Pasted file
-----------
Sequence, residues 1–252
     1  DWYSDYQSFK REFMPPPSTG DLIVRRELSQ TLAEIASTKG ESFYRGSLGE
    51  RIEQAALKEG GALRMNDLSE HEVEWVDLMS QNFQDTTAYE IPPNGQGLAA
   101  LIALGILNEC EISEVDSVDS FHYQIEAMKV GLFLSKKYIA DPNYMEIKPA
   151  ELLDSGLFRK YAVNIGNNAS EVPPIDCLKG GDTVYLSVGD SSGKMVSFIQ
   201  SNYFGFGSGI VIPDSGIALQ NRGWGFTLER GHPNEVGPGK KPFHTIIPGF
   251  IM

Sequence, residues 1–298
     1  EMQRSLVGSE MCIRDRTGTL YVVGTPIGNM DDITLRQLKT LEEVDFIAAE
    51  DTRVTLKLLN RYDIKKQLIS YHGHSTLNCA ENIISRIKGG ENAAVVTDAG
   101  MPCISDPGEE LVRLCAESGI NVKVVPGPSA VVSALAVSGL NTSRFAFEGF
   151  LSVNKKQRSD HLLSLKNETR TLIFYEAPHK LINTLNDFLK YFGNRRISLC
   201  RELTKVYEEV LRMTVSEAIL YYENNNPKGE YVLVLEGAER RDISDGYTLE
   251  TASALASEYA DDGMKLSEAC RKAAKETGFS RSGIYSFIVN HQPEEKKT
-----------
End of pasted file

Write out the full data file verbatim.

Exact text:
Sequence, residues 1–252
     1  DWYSDYQSFK REFMPPPSTG DLIVRRELSQ TLAEIASTKG ESFYRGSLGE
    51  RIEQAALKEG GALRMNDLSE HEVEWVDLMS QNFQDTTAYE IPPNGQGLAA
   101  LIALGILNEC EISEVDSVDS FHYQIEAMKV GLFLSKKYIA DPNYMEIKPA
   151  ELLDSGLFRK YAVNIGNNAS EVPPIDCLKG GDTVYLSVGD SSGKMVSFIQ
   201  SNYFGFGSGI VIPDSGIALQ NRGWGFTLER GHPNEVGPGK KPFHTIIPGF
   251  IM

Sequence, residues 1–298
     1  EMQRSLVGSE MCIRDRTGTL YVVGTPIGNM DDITLRQLKT LEEVDFIAAE
    51  DTRVTLKLLN RYDIKKQLIS YHGHSTLNCA ENIISRIKGG ENAAVVTDAG
   101  MPCISDPGEE LVRLCAESGI NVKVVPGPSA VVSALAVSGL NTSRFAFEGF
   151  LSVNKKQRSD HLLSLKNETR TLIFYEAPHK LINTLNDFLK YFGNRRISLC
   201  RELTKVYEEV LRMTVSEAIL YYENNNPKGE YVLVLEGAER RDISDGYTLE
   251  TASALASEYA DDGMKLSEAC RKAAKETGFS RSGIYSFIVN HQPEEKKT